- President Joe Biden authorized another $800 million security package and an additional $500 million dollars in direct economic assistance to Ukraine.
- The latest security package, which includes heavy artillery and tactical drones, comes as Western intelligence warns of an intensified Russian offensive in eastern and southern Ukraine following weeks of stalled ground advances on Kyiv.
WASHINGTON — The United States will send another $800 million security package and an additional $500 million in direct economic assistance to Ukraine as its military fights off a renewed Russian assault, President Joe Biden said Thursday.
"This is money the government can help use to stabilize their economy, to support communities that have been devastated by the Russian onslaught and pay the brave workers that continue to provide essential services to the people of Ukraine," Biden said from the Roosevelt Room of the White House.
"With this latest disbursement, I've almost exhausted the draw-down authority I have that Congress authorized for Ukraine and a bipartisan spending bill last month," Biden said, adding that he would send lawmakers a supplemental budget request next week.
Biden said he discussed the new assistance package in person with Ukrainian Prime Minister Denys Shmyhal at the White House. Ukrainian President Volodymyr Zelenskyy thanked Biden for the additional aid in a tweet.
"This help is needed today more than ever! It saves the lives of our defenders of democracy and freedom and brings us closer to restoring peace in Ukraine," Zelenskyy wrote.
At the Pentagon, a senior U.S. Defense official, who spoke on the condition of anonymity in order to share new details, said the new weapons package was tailored to meet an intensified fight in eastern and southern Ukraine. A second senior U.S. Defense official, who also spoke on the condition of anonymity in order to share new details, said the first flights of military aid will depart for the region in the next 24 to 48 hours.
"The first rounds of that equipment will be in the Ukrainian hands by the end of the weekend," the second official said.
For nearly eight weeks, Russian forces have faced a slew of battlefield logistics that stalled advances on Ukraine's capital Kyiv. Western intelligence indicated that Russian forces were leaving key positions near Kyiv and relocating to areas in the east of Ukraine.
The latest security package, the eighth such installment, includes 72 howitzers, 144,000 artillery rounds, 72 tactical vehicles to tow howitzers, and more than 121 Phoenix Ghost tactical drones.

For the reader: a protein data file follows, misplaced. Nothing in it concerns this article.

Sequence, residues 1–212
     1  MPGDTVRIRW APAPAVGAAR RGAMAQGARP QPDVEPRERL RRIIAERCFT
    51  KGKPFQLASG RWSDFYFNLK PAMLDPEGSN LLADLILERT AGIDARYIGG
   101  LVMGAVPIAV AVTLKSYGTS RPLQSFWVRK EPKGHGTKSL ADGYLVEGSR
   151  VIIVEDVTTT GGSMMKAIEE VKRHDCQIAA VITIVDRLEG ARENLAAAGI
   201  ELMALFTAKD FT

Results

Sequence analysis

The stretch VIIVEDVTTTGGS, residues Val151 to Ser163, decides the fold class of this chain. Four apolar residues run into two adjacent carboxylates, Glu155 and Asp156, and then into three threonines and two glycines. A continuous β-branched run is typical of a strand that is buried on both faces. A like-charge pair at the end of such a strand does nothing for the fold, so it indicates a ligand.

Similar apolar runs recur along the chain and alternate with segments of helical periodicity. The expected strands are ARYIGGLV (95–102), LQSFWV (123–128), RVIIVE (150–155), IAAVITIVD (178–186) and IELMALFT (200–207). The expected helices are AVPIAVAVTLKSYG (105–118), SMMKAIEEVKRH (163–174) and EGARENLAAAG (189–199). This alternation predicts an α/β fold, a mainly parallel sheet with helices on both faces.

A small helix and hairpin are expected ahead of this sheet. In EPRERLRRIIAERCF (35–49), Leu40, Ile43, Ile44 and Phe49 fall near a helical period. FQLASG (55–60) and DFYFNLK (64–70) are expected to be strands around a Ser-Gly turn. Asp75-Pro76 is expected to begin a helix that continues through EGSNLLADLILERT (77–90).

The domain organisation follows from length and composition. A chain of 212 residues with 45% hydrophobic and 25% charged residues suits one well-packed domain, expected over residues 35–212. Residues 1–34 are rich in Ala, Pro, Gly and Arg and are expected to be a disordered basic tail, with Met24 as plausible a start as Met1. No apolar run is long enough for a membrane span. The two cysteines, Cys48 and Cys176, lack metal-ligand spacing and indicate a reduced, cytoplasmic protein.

Pentagon spokesman John Kirby told reporters that the Phoenix Ghost drones were "rapidly developed by the Air Force, in response, specifically to Ukrainian requirements."
The drones are tactical unmanned aerial systems manufactured by Aevex Aerospace in Solana Beach, California. Once the drones are in the region, U.S. troops will have to train Ukrainian forces on how to operate them, Kirby added.
"It provides similar capabilities to the Switchblade series of unmanned systems, similar capabilities but not exact," Kirby said. "There are other differences in the scope of capability for the Phoenix Ghosts, but I'm just not going to be able to get into more detail about those capabilities right now."
Biden's remarks follow a Wednesday afternoon meeting with his military commanders and national security officials, who gave him assessments on global threats as well as the ongoing war in Ukraine.
Ahead of the meeting, Biden said that U.S. security assistance is flowing into the region daily and that allies are "stepping up and amplifying the impact of our response."
Last week, following a phone call with Zelenskyy, Biden authorized a separate military assistance package worth $800 million.
Since Moscow invaded Ukraine on Feb. 24, the Biden administration has deployed more than 100,000 U.S. troops to NATO-member countries and authorized $3.4 billion in security assistance.
The U.S. has provided more than $4 billion to Ukraine since the beginning of Biden's presidency, according to the White House.
What's more, the NATO alliance has placed more than 140 warships as well as 130 aircraft on heightened alert. In addition, the 30-member-strong group has consistently warned Russian President Vladimir Putin that an attack on one NATO member state will be viewed as an attack on all, triggering the group's cornerstone Article 5.
Ukraine, which has sought NATO membership since 2002, is bordered by four NATO allies: Poland, Slovakia, Hungary and Romania.